Gardaí call for new trans policy to be withdrawn pending further education

The Gender Identity in the Workplace policy was introduced this year to ensure that all trans Gardaí feel safe and respected.

This article is about a trans policy for Gardaí. In the photo, two Gardaí in uniform looking at a street full of people.
Image: Via Shutterstock - abd

According to recent reports, Gardaí are calling for the withdrawal of the Gender Identity in the Workplace policy, a set of rules aimed at providing a safe and inclusive environment for all trans personnel.

The policy was introduced on February 1 of this year, with the purpose of ensuring that all trans Gardaí feel “respected, safe, welcome and included” and that all gender identities and expressions are respected. The document also stated that An Garda Síochána does not tolerate any form of discrimination or harassment and that it is committed to supporting personnel who are “undergoing social or medical transition”.

However, now the Association of Garda Sergeants and Inspectors (AGSI) has called for the policy to be withdrawn until members of the Gardaí are properly educated on matters of gender identity and expression. According to AGSI General Secretary Antoinette Cunningham, members of the force are worried that they could be disciplined for being misguided on the issue, for example, for using the wrong pronouns to refer to a trans person.

“We will be seeking the formal withdrawal of the recent Directive on Gender Identity in the Workplace, owing to the lack of consultation and awareness and especially in light of the recent comments by the Garda Commissioner that the misgendering of a person could lead to discipline,” Antoinette Cunningham said.

She was referring to comments made by Garda Commissioner Drew Harris, who, when questioned about the policy, affirmed that members of the Gardaí who refused to refer to a trans person with the correct pronouns could face a “management response”.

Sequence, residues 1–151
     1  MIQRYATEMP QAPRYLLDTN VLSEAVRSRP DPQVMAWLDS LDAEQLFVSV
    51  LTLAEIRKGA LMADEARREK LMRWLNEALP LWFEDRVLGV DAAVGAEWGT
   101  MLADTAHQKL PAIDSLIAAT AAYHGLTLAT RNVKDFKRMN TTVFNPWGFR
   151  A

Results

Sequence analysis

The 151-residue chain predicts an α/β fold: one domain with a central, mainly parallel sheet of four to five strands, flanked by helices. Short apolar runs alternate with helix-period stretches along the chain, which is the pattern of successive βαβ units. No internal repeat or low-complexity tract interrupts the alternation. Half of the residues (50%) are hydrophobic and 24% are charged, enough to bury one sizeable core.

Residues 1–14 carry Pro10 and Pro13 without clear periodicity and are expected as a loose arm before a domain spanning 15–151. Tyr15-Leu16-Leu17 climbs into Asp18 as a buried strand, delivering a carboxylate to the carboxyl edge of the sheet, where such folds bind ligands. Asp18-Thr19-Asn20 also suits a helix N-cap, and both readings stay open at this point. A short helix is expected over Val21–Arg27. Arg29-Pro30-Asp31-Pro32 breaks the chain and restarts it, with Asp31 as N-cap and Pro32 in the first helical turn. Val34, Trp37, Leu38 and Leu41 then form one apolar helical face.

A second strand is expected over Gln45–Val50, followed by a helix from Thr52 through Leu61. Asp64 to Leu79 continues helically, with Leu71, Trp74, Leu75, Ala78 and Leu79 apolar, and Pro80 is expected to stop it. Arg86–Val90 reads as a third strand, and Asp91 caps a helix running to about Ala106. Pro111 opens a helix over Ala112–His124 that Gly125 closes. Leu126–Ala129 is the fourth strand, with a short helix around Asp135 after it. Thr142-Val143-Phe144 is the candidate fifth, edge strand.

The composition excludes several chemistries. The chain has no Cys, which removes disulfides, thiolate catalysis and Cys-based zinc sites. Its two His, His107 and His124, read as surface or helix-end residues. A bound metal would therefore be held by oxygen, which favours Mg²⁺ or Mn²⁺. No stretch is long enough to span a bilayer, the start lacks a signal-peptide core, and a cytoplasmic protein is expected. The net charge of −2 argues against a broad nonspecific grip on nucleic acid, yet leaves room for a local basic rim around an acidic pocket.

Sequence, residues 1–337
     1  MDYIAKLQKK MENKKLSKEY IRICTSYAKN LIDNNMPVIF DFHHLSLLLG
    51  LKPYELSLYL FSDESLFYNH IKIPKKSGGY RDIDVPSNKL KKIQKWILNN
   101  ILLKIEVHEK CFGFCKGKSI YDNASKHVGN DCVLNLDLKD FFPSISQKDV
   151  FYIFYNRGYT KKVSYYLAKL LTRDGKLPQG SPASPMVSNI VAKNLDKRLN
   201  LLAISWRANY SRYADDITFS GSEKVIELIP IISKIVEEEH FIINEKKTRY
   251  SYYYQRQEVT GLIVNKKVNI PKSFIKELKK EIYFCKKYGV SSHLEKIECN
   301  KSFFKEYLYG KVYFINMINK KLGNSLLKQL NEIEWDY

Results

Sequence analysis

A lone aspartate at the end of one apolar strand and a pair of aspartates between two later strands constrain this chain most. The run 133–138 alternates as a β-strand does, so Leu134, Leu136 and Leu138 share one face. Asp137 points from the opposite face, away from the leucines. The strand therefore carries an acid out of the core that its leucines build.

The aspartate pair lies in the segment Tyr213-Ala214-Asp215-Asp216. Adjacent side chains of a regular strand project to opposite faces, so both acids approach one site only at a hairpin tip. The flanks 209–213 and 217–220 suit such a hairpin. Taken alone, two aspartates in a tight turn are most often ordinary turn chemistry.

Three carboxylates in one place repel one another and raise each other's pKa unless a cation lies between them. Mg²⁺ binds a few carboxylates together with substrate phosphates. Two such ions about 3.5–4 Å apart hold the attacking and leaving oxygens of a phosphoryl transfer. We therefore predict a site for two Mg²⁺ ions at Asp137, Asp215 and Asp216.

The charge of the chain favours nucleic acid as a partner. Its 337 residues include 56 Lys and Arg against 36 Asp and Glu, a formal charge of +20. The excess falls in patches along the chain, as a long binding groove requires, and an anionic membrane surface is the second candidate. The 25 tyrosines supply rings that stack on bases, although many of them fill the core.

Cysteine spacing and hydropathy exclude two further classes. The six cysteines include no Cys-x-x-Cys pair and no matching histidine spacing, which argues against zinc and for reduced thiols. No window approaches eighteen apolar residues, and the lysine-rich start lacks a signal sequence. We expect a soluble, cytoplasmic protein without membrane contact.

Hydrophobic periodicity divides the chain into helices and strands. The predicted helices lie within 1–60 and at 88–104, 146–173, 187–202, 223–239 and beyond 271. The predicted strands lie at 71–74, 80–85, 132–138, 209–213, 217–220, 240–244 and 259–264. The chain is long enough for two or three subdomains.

“In the absence of an awareness and education programme for AGSI members on how to properly support colleagues who wish to transition, it is unfair of the Garda Commissioner to issue this directive in its current form,” Cunningham added.

The issue is expected to be discussed this afternoon at the AGSI annual conference in Salthill, Galway. 140 Garda Sergeants and Inspectors will gather at the conference and discuss 24 motions, including the withdrawal of the Gender Identity in the Workplace policy.

This news comes soon after An Garda Síochán published new statistics on hate crimes in Ireland, reporting a 29% increase in the number of incidents, with the LGBTQ+ community being the second most targeted group. According to activist Ailsa Spindler of the Gay Project in Cork, these statistics do not reflect the lived experiences of members of the LGBTQ+ community, as many of them are reluctant to report hate crimes to Gardaí.

Commenting on the fact that a low number of incidents were recorded by Gardaí in Cork, Spindler said: “I don’t think we can be happy that the numbers are low, because I don’t think the figures reflect reality at all. In fact rather I think it just highlights the fact that people, for a number of reasons don’t want to, or don’t feel comfortable, reporting these sort of incidents to the guards.”

They explained that several LGBTQ+ organisations in Ireland are working on a number of ways to approach the issue, including having support charities act as third-party reporters. “If we are third-party reporters, that means people who have suffered hate crimes can come to us and we can report the complaints, or we can arrange for guards to come to our premises and people can report the crime in perhaps a safer space than perhaps they might feel, say, Anglesea Street would be,” Spindler said.

Citing the Hate Crimes bill, which is expected to pass soon, Spindler added that having appropriate legislation against hate crimes would be meaningless if people are fearful about reporting such crimes to the Gardaí. “This is why we and other organisations are looking at ways of improving the reporting of hate crimes, and that is through improving the support that is there for people who are victims,” they said.

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